Carpenter Bees are a common problem for owners of log homes. Since they don’t eat the wood and only drill into it, most pesticides applied to logs to prevent termites will have no effect on them. We’ve been log home owners for 20 years now, have found an effective method to control carpenter bees and prevent them from causing further damage.
Carpenter Bee Treatment With Tri Die
The product we use is called Tri-Die Pressurized Silica + Pyrethrin Dust. In 2014, it costs about $20 for an 8 oz can. Buy a couple cans of Tri-Die. While a little goes a long way, it’s best to be ready with the carpenter bees awake in the spring and not be caught without the solution. Spray this product into the holes the carpenter bees have drilled into your home. The carpenter bees will quickly exit and die. This works really well for carpenter bee infestations that you can reach easily.
Reaching High Up Carpenter Bee Colonies
If you are like us, though, and your log home has high areas, then you need a little help in the form of Spray Close. It’s this great device that hooks on the end of a high reach paint stick. It holds a spray can and with the use of a string you can press down on the spray cap and inject the Tri-Die into carpenter bees nest high up. We’ve used this method to effectively wipe out all carpenter bees in our home.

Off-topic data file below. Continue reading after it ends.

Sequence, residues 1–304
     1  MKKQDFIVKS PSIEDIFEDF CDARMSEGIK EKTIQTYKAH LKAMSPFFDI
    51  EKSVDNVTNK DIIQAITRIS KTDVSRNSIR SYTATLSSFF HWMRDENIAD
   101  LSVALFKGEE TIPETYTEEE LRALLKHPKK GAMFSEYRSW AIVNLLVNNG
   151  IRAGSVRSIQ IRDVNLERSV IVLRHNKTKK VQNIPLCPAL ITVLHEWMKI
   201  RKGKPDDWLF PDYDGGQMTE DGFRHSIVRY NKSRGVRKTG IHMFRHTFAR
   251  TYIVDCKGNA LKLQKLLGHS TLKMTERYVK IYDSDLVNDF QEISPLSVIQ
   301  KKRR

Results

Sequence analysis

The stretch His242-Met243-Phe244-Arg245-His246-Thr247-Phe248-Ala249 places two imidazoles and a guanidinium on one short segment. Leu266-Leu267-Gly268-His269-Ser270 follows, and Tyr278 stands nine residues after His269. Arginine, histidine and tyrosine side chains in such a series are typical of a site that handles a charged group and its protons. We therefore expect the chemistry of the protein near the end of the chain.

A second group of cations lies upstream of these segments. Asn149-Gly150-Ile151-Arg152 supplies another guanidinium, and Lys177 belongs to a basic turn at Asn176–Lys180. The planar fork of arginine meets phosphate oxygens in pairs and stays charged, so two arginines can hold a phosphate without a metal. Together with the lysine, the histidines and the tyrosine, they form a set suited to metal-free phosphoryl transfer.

The Tri-Die can is a little too small for the Spray Close tool. So you’ll need a trick. Take the cap off the can of the Tri-Die and using vinyl electrical tape, attach the cap to the bottom of the can of Tri-Die. Now place the can into the Spray Close tool. Since the Tri-Die can is slimmer then the average insecticide you’ll need to tape the can to the tool with vinyl electrical tape. Make sure to tape tight at the top without interfering with the activation lever. With a little practice, you should be able to get the straw from the Tri Die to aim into the carpenter bee nest so the insecticide reaches the target bees.
Our Setup With Spray Close and Tri Die for Killing Carpenter Bees
Take a look at our setup in the picture below and see how we did it. Now you are ready to solve your carpenter bee problem at areas as high as your long reach paint pole reaches. Ours went to 30 feet but we didn’t need that much. Note that the string pulls down along the length of the paint stick and that action pushes down on the spray dispenser. Don’t try to have someone else activate the spraying of the Tri-Die as it won’t work right. It’s the person holding the paint stick pulling toward oneself that activates the spray action. Look closely at the picture to see how the nozzle gets depressed. Click on the picture to see the full size image noting how the string operates and how we taped the can of Tri Die to the Spray Close tool. We have no carpenter bees around our home now.
The Carpenter Bee Honey Pot
The reason that the Tri-Die works so well is carpenter bees will visit other carpenter bee homes. So while you should try to get every one of the carpenter bees voids sprayed, if you miss a couple, it won’t matter. You probably should seal up the holes in your home to prevent other pests from causing trouble, but I think you need to leave a few carpenter bee holes open (The Honey Pot) to treat annually. Otherwise, a new brood will come along, drill new holes and you’ll be back to the starting place.
About the Author: We have been an owner of a Lok-N-Logs log home for 20 years. This solution works!